Friday, July 22, 2016

Watercolor Test, Paradise Square

Working on sample pages for this graphic novel that I'm pitching.  Considering doing the colors with watercolor.  A few obstacles to that:
1. Scanning and preparing files.  I have difficulty getting both crisp inks and the nuances of the watercolor.  Bringing out one almost invariably muddies the other.
2. Time.  Though textures (mud, thoroughfares, streets, etc would be easier and look better) go quicker with watercolor than digital, the page as a whole easily doubles the amount of time spent coloring it.  Maybe more.  Comics have a fairly tight financial margin to begin with, and I don't know that I could commit the time without a substantially larger advance, and I doubt that using paint would increase sales enough to justify the difference.
3. Production.  I can't get the inks that I like on watercolor paper, and so I need to ink it and laser print the line art.  The trouble is that the type of WC paper that I most want to use doesn't pick up toner very well, even when the printer adjusts the pressure on his machine.  The background in this instance was done with a dark brown color hold, for instance, and it printed very spotty, as are the dust clouds.  I've tried a handful of production techniques that allow for the degree of control I want/need in order to tackle the art, and haven't yet found one that works.
Anyway, I'll still fiddle with it, but I probably won't pitch with the condition that it'll be hand-painted, because I don't know if I can pull it off.  I may try instead the flat-color-with-crayon/black-pencil approach that Matthieu Bonhomme used in Esteban, or some variation of it.  The old 6th ward is a dirty, dirty place, and so I feel like there needs to be a textural element to convey that effectively.  If paint can't do it, something else will have to.

Wednesday, March 30, 2016

Warrior Women Wednesdays: THE FERNIG SISTERS

On April 30, 1793, the French Revolutionary Government's National Convention passed the Law to Rid the Armies of Useless Women, barring women from the military.  The Fernigs had, probably coincidentally, escaped this decree by mere days, having followed orders to accompany General Dumouriez. Discovering too late that he was not under orders himself but was, in, fact, defecting to the Austrians, the Fernigs fled to return to their role as soldiers for the French, but were seen as fellow traitors and refused entry.  
Some women continued to fight after the law was passed, but whether the Fernigs would have been among them is a purely academic question as they were barred from their homeland for much of the war.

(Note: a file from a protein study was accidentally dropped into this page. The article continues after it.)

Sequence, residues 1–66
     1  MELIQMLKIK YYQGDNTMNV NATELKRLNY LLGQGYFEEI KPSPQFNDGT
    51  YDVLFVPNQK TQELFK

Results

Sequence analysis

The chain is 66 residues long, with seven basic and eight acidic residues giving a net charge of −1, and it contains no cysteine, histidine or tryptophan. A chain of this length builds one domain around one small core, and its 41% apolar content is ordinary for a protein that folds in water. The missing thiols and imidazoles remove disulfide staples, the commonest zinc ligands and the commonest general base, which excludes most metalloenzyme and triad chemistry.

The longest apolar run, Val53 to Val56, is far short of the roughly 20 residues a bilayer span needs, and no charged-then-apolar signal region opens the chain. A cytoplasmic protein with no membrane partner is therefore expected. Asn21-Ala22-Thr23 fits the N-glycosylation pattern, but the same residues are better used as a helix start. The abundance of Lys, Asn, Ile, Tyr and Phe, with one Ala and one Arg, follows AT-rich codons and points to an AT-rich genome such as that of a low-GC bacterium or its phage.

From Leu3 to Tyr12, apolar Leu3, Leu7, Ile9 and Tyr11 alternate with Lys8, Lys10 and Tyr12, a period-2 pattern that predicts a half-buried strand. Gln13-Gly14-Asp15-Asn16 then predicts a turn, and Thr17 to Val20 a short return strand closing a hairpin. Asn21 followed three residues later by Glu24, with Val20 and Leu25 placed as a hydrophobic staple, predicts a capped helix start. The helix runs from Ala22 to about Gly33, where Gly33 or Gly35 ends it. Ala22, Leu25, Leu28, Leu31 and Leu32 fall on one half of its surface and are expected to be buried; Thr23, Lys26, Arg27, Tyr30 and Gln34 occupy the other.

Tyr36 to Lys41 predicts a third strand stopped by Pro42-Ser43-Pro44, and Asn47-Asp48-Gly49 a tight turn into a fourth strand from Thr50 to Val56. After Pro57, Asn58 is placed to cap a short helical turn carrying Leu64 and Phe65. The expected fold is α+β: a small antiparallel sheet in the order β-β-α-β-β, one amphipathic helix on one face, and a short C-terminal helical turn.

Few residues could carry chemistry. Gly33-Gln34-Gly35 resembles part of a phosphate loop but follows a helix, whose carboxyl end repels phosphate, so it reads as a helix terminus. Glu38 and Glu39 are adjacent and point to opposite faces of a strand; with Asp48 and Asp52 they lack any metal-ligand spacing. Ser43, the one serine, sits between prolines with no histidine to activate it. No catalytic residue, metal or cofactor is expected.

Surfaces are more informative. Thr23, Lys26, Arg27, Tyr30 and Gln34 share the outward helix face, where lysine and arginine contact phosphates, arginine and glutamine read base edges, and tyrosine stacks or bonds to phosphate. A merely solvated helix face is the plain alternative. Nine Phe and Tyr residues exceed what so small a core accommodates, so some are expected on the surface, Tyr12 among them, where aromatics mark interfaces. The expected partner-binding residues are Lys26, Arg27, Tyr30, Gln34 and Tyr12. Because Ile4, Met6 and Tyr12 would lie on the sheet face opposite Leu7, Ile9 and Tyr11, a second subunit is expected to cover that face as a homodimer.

Monday, March 14, 2016

PARADISE SQUARE Production Journal #1

I'm going todocument a project I'm looking to undertake from the earliest stages.  Here's the earliest stage.

Sunday, January 31, 2016

Warrior Women Wednesday: Maria Bochkareva

Every Wednesday of 2016 (starting late, obviously... sorry!) I'm going to post a drawing of an action lady from history: presenting WARRIOR WOMEN WEDNESDAYS.
Partly it's 'cause I figured this would be fun to draw, but also because I grew up thinking that ladies were, with rare and high-profile exceptions (Mary Read & Anne Bonny, Calamity Jane, etc), supporting players in history's more rough-and-tumble moments. That isn't the case, and I thought it might be worthwhile to highlight fifty or so of the figures who strike me as the most visually or narratively arresting so that others might not be saddled with similar preconceptions.
Today's warrior is MARIA BOCHKAREVA.

History Star Wars: Wyatt Earp & Doc Holliday

Figured I might scratch the odd Star Wars itch by drawing historical figures as Star Wars people.

This week's:
Wyatt Earp and Doc Holliday!

Tuesday, December 29, 2015

Recent Star Wars sketches

Here are some ink and watercolor sketches that I did just before Christmas.  Star Wars!

Finn, Rey, and Poe Dameron from THE FORCE AWAKENS

Ewok X-Wing Pilot.  Just because they don't have advanced
technology doesn't mean they couldn't handle it.

Snowtrooper and an AT-AT (Imperial Walker) from THE EMPIRE STRIKES BACK

Friday, December 25, 2015

dvent Calendar Day 25: Baby Jesus

Over the next month, I'll be offering thoughts on the Nativity set model, a large papercraft crèche that you can find and download here:

Advent Calendar Day 25: Baby Jesus

Merry Christmas, friends!

Thursday, December 24, 2015

Advent Calendar Day 24: La Befana

Over the next month, I'll be offering thoughts on the Nativity set model, a large papercraft crèche that you can find and download here:

Advent Calendar Day 24: La Befana

La Befana is the Italian gift-giver, just like we get Santa Claus, the Spanish get the Three Kings, and the Austrians get Baby Jesus (he doesn’t come down the chimney; I checked).  Her original story is heartbreakingly sad, and its traditional alternative is kind of lackluster, so I’m offering a variation that marries the two.

The Three Kings, on their way to see baby Jesus, ask for shelter for the night at a rural house.  In it, La Befana (whose name derives from a mispronunciation of “Epiphany” and who probably has OCD) is busy cleaning, as she always does.  Learning that they’re taking gifts to a baby, she volunteers to go, too; her kids are grown and she’s itching to get rid of their old toys.  Following the kings, she gives Jesus the toys, delighting him, and in thanks he bestows upon her immortality and a magic hamper perpetually full of toys so that she can bring other children as much joy as she did him.  She also uses her broom to tidy up the manger for Mary.  You could eat off that floor.

La Befana now rides her broom from house to house, leaving toys for youngsters and flying up the chimney.